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Civil War & the Story

[ Edited ]
We see that the story takes place during a civil war. There are a few longer descriptions of the effects of this, but for the most part, the politics of the day is mentioned only in passing.

For example, when Florentino is on the boat, leaving home: "Moreover, another episode of the intermittent civil war between the Liberals and Conservatives had broken out that year, and the Captain had taken very strict precautions to maintain internal order and protect the safety of the passengers. Trying to avoid misunderstandings and provocations, he prohibited the favorite pastime during river voyages in those days, which was to shoot the alligators sunning themselves on the broad sandy banks."

Something as horrific as war seems to feel 'barely there' throughout the book. Does anyone else feel the same way?

That said, how did the presence of this civil war affect your reading of Fermina & Florentino's love story?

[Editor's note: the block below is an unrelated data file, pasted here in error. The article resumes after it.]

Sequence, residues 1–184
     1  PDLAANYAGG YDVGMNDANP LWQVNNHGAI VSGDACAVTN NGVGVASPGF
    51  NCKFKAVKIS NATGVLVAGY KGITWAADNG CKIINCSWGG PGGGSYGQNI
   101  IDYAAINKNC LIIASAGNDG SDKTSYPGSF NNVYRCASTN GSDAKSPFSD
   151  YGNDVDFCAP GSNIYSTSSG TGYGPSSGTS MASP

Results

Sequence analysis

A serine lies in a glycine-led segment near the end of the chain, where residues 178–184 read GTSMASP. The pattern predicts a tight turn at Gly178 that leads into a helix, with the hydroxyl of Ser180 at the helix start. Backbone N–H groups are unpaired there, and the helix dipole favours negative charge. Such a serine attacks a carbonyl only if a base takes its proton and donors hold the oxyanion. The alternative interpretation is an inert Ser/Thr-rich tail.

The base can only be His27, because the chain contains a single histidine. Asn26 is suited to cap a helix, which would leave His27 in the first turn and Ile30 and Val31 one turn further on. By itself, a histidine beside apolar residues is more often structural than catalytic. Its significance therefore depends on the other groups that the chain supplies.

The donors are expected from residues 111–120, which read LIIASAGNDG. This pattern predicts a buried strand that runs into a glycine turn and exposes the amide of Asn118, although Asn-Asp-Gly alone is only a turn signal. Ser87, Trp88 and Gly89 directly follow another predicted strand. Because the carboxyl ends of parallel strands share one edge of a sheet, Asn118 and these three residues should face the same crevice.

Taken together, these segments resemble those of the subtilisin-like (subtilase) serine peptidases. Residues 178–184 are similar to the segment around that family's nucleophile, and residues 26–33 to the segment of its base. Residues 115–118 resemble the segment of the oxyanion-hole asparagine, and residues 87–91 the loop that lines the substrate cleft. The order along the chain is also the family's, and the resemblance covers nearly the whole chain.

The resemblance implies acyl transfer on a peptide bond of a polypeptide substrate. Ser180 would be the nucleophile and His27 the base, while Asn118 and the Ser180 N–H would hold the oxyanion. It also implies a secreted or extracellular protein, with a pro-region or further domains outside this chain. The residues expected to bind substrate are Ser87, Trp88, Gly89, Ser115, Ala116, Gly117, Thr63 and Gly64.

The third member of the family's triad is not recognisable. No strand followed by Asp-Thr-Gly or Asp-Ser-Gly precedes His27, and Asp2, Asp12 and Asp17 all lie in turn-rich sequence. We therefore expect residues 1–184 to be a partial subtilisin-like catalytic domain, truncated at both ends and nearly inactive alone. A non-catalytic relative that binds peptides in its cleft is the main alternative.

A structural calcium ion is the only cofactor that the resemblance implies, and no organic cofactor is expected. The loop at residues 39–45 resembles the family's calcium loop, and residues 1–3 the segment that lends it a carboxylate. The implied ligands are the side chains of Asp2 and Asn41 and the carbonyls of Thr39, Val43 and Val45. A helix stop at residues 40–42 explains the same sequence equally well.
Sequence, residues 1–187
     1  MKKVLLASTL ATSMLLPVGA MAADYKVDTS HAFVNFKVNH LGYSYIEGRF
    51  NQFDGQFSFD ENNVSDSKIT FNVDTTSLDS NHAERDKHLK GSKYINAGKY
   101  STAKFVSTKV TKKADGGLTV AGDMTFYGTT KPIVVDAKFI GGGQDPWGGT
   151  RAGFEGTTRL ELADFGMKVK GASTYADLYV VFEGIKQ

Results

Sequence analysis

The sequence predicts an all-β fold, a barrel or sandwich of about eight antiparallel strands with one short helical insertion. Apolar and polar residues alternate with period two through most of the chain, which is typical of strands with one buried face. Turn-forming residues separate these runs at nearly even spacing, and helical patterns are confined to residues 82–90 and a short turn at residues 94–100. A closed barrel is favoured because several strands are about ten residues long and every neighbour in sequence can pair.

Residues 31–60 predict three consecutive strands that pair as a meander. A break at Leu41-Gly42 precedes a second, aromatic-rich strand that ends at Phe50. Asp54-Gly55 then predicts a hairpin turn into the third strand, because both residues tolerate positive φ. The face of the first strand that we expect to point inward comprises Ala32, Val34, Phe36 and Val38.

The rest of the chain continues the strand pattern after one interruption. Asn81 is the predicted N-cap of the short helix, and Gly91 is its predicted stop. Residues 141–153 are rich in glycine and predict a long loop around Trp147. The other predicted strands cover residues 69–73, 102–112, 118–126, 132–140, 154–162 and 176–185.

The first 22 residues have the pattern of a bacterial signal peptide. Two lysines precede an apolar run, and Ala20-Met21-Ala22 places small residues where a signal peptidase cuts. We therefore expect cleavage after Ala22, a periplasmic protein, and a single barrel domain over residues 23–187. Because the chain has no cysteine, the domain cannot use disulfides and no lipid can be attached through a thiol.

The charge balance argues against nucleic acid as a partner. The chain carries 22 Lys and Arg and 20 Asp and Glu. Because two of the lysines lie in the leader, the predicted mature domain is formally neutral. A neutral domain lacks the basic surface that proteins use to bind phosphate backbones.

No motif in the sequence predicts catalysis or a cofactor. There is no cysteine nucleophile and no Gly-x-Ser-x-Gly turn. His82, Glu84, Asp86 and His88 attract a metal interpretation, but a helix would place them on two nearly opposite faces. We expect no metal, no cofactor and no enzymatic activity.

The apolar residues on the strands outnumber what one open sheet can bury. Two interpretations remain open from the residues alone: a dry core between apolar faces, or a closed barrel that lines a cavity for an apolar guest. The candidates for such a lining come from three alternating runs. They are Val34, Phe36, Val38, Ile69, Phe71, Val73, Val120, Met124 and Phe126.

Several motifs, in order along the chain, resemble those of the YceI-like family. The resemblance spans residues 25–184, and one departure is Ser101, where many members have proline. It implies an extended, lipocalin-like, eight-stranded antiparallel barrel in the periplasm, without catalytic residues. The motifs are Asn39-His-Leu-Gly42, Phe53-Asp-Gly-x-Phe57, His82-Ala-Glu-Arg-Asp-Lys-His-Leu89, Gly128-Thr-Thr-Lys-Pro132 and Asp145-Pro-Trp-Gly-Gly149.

For more info about the Colombian Civil War (1964 - present), check out Wikipedia.

Message Edited by Jessica on 10-16-2007 10:41 AM
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Re: Civil War & the Story

It doesn't really affect the characters, because they're so wrapped up in their own lives. I know people who are so concerned with their own little world that they have no interest in what's going on in the country or the rest of the world.

Or maybe it's because civil wars are so frequent in South America, that wars are just taken for granted.
Be yourself; everyone else is already taken. --Oscar Wilde

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